Gold Rush in Haiti: Five Years after a Senate Moratorium, There’s a Cold War

An Enquet’Action Investigation

An ounce of gold. The deposits of Grand Bois, Failles B, and Morne Bossa could yield a total of no less than 1.3 billion US dollars. Credit: Milo Milfort

(The first of three parts)

Haiti’s mineral wealth is still protected by a moratorium on mining activities imposed by the Haitian Senate five years ago, and a new mining law drafted in 2017 remains in a drawer somewhere. Nonetheless, tensions are rising between mining companies, the Haitian State, and civil society. For decades, many have salivated over the riches hidden in Haiti’s subsoil. Frustration is high. And in this uncertain climate, almost anything can happen.

Three periods of large-scale mining between 1492 and 1982 and more than four decades of exploration have proved that Haiti’s subsoil contains large deposits of gold, silver, and copper. Ironically, many Haitians refuse to believe that their impoverished country’s subsoil is overflowing with high-value mineral resources, which could trigger renewed mining activities over several decades.

A mineral belt extends from Jean-Rabel in Haiti’s northwest to Pueblo Viejo in the Dominican Republic. The geological similarities between the two countries stokes a much-cherished hope among corporations and Haitian authorities, which are anxious to extract the treasure hidden in Haiti’s northern mountain ranges and persist in the controversial belief that “mining resources can bring development.”

Morne Bossa and Grand Bois, with proven mineral potential, could symbolize the golden future of Haiti.

“There is a possibility of finding mines which are much more interesting than the small deposits we have so far,” said Claude Prépetit, director of the Office of Mines and Energy (BME) in a lecture given at the National School of Applied Geology (ENGA) in June 2018. “But, we must do the research.”

The wealth generated by mining would not remain in Haiti, it seems, but would rather enrich mining companies.

Not everything is decided yet. The state and civil society are still arguing over the question: should we exploit mineral resources or not?

To date, there has never been an open national dialogue. On the contrary, state institutions and mining companies have kept the public completely in the dark.

Despite the impatience of the international and “national” mining companies, they have been at loggerheads for quite a while and accuse each other, among other things, of intolerable misconduct, incompetence, and blatant violation of the Haitian laws.

In this virtual Cold War, who will prevail? Enquet’Action investigated to reveal the position of the various protagonists.

Disputed mining agreements led to a parliamentary moratorium

The state has signed two mining conventions, but until today it is difficult to know if these two conventions are equal.

The agreements’ purpose was supposedly to establish the general, technical, economic, legal, administrative, financial, fiscal, customs, social, and environmental conditions under which a company would carry out exploration and mining activities within defined perimeters.

A first accord was signed with the mining company Citadelle S.A. – 70% owned by KWG Resources Inc., Quebec – for the exploitation of gold-silver deposits of Grand Bois and Morne Bossa in northern Haiti. The other mining agreement of February 1997 had been signed with the mining company Sainte-Geneviève Haiti S.A. – 70% owned by KWG Resources Inc. – for carrying out research and exploitation at Douvray, Blondin, and Failles B in Haiti’s northeast.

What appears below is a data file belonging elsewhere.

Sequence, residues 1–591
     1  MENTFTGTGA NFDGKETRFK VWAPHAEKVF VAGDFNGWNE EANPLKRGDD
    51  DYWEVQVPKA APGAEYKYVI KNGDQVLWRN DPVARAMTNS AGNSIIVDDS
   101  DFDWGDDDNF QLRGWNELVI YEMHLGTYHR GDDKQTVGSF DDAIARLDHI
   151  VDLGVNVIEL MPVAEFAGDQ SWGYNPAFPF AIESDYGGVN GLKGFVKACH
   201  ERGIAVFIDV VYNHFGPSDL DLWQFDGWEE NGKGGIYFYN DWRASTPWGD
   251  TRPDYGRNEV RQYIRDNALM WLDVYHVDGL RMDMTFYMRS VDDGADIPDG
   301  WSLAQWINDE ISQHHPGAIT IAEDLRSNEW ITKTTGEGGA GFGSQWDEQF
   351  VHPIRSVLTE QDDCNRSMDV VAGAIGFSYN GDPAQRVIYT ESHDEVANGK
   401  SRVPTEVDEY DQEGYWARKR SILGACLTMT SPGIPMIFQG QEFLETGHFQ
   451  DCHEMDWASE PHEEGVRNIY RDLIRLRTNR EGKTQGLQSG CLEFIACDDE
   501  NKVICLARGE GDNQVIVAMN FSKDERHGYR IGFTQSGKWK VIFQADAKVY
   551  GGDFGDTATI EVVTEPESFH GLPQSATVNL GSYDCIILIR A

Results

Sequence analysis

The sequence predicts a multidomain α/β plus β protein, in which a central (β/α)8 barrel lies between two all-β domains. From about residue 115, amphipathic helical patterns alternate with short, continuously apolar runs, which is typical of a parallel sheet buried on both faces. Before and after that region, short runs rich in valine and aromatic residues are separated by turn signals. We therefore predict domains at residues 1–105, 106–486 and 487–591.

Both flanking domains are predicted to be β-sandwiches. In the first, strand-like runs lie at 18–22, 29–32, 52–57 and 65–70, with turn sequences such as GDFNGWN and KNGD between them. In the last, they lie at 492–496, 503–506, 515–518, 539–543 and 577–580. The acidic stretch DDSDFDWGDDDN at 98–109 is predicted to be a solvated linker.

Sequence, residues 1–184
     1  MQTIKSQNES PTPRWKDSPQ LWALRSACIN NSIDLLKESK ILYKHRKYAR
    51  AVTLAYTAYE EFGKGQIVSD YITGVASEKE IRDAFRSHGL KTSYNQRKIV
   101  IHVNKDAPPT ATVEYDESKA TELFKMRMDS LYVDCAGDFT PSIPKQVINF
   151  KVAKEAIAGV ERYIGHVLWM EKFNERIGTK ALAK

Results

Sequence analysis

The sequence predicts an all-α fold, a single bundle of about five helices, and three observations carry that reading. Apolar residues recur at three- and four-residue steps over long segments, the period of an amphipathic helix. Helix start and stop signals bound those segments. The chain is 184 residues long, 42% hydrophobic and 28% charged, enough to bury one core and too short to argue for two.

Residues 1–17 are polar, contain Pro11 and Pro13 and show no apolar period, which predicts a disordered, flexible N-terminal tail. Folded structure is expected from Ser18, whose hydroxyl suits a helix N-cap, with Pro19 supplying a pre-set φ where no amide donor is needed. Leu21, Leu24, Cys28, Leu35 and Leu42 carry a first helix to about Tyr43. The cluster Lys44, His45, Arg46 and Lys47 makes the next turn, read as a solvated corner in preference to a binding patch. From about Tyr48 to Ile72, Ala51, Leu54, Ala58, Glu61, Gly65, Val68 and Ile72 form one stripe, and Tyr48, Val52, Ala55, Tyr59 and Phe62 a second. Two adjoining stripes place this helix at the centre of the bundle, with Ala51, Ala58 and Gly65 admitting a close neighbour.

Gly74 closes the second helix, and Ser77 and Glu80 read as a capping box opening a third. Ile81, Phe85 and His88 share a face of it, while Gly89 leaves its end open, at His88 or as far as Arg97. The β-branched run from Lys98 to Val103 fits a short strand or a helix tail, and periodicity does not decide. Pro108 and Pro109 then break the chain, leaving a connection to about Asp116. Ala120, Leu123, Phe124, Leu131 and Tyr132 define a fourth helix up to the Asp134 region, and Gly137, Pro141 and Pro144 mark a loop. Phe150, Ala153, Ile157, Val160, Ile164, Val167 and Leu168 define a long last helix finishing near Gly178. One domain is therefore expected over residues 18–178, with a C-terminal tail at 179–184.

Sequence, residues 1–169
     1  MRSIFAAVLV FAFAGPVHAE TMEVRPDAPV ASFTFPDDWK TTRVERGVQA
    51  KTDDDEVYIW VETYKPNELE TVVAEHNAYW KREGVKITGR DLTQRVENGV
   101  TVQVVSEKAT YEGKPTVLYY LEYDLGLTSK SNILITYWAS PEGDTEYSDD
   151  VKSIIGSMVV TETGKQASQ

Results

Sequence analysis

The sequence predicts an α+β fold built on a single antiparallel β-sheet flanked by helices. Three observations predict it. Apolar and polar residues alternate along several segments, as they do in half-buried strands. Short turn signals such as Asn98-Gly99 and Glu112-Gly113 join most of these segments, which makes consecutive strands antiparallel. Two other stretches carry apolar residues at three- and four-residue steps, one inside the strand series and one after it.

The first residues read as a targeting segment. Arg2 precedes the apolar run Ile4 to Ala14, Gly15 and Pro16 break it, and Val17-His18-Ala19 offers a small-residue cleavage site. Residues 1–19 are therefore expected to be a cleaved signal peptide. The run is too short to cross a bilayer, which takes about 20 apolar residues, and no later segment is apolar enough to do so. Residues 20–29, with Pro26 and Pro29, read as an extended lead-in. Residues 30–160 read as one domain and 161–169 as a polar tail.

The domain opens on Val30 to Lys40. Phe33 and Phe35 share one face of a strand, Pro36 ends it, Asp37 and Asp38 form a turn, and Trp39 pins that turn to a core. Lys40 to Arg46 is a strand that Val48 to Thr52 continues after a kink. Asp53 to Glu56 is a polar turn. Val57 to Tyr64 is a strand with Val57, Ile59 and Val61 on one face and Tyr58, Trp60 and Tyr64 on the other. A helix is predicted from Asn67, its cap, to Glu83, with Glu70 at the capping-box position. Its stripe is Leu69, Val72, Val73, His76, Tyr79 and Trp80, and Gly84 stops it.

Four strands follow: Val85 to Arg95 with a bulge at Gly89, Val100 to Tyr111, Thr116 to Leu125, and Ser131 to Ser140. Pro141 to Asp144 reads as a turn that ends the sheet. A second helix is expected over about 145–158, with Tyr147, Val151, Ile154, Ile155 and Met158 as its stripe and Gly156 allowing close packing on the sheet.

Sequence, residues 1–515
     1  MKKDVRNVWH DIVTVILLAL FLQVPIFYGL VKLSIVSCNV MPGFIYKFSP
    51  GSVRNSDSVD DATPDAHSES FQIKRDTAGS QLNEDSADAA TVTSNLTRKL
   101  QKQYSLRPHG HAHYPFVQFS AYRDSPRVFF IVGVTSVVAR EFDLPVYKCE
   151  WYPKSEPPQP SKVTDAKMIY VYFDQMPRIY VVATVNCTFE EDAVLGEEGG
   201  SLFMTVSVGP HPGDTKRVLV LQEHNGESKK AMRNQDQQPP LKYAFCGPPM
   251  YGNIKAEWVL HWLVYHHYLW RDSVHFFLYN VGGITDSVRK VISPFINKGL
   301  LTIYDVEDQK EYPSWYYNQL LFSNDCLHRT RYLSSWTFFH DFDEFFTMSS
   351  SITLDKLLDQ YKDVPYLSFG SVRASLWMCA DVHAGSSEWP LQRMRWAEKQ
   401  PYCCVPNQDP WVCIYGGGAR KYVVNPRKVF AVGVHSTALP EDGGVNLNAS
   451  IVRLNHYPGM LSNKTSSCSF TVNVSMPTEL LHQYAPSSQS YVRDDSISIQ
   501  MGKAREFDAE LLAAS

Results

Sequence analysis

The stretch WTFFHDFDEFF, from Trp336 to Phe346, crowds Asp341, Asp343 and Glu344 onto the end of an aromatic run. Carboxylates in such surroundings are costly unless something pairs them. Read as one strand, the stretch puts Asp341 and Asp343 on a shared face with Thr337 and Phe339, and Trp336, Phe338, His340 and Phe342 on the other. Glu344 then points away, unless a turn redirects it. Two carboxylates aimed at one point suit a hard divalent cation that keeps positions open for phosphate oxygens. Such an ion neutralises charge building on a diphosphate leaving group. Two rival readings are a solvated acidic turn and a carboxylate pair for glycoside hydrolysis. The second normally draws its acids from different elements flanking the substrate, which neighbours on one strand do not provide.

According to the mining law of 1976, these conventions should have been approved by the Parliament and published in the official government journal Le Moniteur before any exploitation. It is not enough that the government and the Superior Court of Accounts and Administrative Disputes (CSC-CA) have negotiated, signed, and approved them.

Due to procrastination and political crises, these conventions were not approved by the Senate and remained not in effect until 2005.

Finally, in May 2005, under the de facto government led by Prime Minister Gérard Latortue, the conventions were published in Le Moniteur. However, this publication took place without the prior consent of Parliament. So, for some, this defect makes the conventions illegal.

The Grand Bois deposits amount to 400,000 ounces of gold, those of Faille B are estimated at 400,000 ounces of gold, and Morne Bossa is worth 171,000 ounces of gold. All three could bring in total not less than US$1.3 billion, according to Claude Prépetit, director general of the Bureau of Mines and Energy (BME). The Douvray deposit cannot be exploited yet because it requires further studies.

The wealth generated by mining would not remain in Haiti, it seems, but would rather enrich mining companies.

In December 2012, three mining licenses, including those for Grand Bois and Morne Bossa, were delivered by then BME Director General Ludner Rémarais. This was done in total opacity, without consulting Parliament or communities likely to be affected by social and environmental impacts. These operating licenses are still valid. Only the research permits have expired. In the 1976 Mining Decree, the period of validity for exploitation permits is not specified.

Shortly thereafter, in January 2013, the Haitian Senate’s Committee on Public Works, Transport and Communications (TPTC) held a tumultuous session during which the BME director burst into tears under the weight of questions he was unable to answer. A month later, the Senate imposed a moratorium on mining activities which is still in place today.

(To be continued in Part 2)

Translated from the original French by Kim Ives

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